1. William Stirling1 was born in 1637 in Hertford, Hertfordshire, England. He died on 22 Jan 1719 at the age of 82 in Sterling City, Lyme, New London, Connecticut, United States. He was buried in Sterling Cem, Sterling City, Connecticut, United States.2 William was a mariner, ship carpenter.2
The following is an excerpt from “Supplement to the Hess Family in Ameica 1984” by Barbara Allison. Barbara has researched these families for many years.
38. William 6 Sterling (David, #76) was born circa 1632 at London, England. He first married Elizabeth Sawtelle, circa 1659. Elizabeth died 6 February 1675, in Haverhill, Massachusetts. After the death of Elizabeth he then married Mary Blaisdell (see #39), the daughter of Ralph Blaisdell and Elizabeth Parker, on 19 December 1676 in Haverhill, Essex Co., Massachusetts., ,  After the death of Elizabeth he married Ann (Nichols) Neale, (the widow of John Neals), 24 April 1683, in Haverhill, Massachusetts.,  William died on 22 January 1719 at Connecticut.
The first mention that has been found of William in New England is in the Essex County Records at Salem, Massachusetts, where the names of five children are given as born at Rowley Village at Mirrimack. The village refered to as what is now Bradford, on the opposite side of the Merrimac River from Haverhill, where William lived many years. Good Starling was taxed three shillings and ten pence, in Rowley, between the years 1660 and 1664.
William is called Mariner in the early records. He was also a ship carpenter and a miller. He bought land of Stephen Kent of Haverhill in 1662 and settled north of the land belonging to the orphan Wilson children, near the Rowley line. In this year of 1662, there was deeded to John Remington of Roxbury, Carpenter, from William Sterling of Rowley, 80 Acres of Rowley land, south of Mirimack River and on its bank.
William then settled on a ridge east of Haverhill, on the Merrimac River and near a small stream called Little River, which passes under what is now Washington Square. Here he probably had a house and a mill. There was also a spring on his ground which supplied his family and his neighbors with water.
A ferry across the Merrimac River, established in 1647, was operated from this land of William’s. The same old ferry, one of the oldest in the country, still plies its small boats and does a brisk business in spite of the cars which cross the bridge.
In the early spring of 1669, William sold his Rowley property to Stephen Kent, with a provision the “Road to ye Ferry be open for euer.” This has so far been observed.
At the same time, Kent sold to William Sterling for 104, a house, barn, and orchard near the homes of Kent and Remington. At this sale, Hilliard and Henry West were witnesses; both Salem seamen and traders. Possibly William built ships at Haverhill for the coast trade, as he afterward did at Lyme, as Haverhill is at the head of tidewater and sloop navigation.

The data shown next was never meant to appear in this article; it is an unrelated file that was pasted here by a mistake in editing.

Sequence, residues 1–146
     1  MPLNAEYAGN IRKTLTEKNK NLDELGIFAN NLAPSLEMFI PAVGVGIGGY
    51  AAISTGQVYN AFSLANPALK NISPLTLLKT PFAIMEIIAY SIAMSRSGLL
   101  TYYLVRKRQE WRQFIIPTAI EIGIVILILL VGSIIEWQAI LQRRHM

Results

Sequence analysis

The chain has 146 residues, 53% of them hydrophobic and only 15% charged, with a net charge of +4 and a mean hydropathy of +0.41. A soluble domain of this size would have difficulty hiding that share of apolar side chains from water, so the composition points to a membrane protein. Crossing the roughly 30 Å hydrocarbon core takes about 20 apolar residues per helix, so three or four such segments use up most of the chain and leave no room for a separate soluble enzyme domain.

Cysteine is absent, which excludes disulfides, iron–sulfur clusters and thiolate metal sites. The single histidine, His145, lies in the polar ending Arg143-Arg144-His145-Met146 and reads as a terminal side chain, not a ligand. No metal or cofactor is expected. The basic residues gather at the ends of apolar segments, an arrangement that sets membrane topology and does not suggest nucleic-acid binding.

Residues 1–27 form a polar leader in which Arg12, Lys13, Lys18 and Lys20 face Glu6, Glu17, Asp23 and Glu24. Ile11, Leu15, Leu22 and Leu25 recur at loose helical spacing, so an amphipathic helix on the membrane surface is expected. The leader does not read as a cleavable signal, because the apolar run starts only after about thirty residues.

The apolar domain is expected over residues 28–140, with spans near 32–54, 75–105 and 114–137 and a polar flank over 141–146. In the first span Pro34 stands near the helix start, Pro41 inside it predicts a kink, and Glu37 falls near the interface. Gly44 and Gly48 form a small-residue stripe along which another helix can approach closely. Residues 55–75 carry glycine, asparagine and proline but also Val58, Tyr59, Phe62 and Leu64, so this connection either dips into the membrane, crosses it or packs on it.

Sometime before the year 1683 the town conveyed to William Sterling a lot of about twelve acres. On this ground he erected a house, which stood for many years as an inn. The city hall of Haverhill now stands on its site. This house where William lived for some years was a two-story structure with a door in the center of the front facade and a hallway running through, a typical colonial residence of the period.
The town conveyed to William Sterling, a ship carpenter, this lot of about twelve acres before 1683. He sold to Francis Wainwright eleven acres of it (that part above the house), April 24, 1683, and it soon after came into the hands of Capt. John Wainwright. Mr. Sterling conveyed the rest of the lot and the house to Capt. Wainwright and removed to Lyme, Conn.
Cornet James Pecker of Haverhill was an inn holder and had kept a public house in town for several years. He bought this estate of Capt. Wainwright, 16 May 1717. Mr. Pecker apparently erected a brick dwelling house just south of the old house soon after his purchase and removed to it. Some years later he turned over to his son John the business of a public house and resumed his original occupation of farming. He conveyed this estate, with the houses and barns, to John, 14 February 1729-30.
John Pecker conveyed the old house and a small lot to Grant Webster of Haverhill, a trader, 26 March 1748, and just four years later Mr. Webster sold them to Benjamin Harrold of Boston, brazier.
Mr. Harrod died about 1781 and his son Joseph came into possession of the property and for many years conducted there in the inn known as the “Mason’s Arms,” its sign board consisting of a painting representing the Freemasons’ arms. Here Washington stayed on his visit east in 1789. Mr. Harrod died and his heirs conveyed the premises to Phineas Foster, a merchant of Boston, 13 January 1830. Mr. Foster died soon after and 31 December 1836, his heirs sold them to James H. Duncan.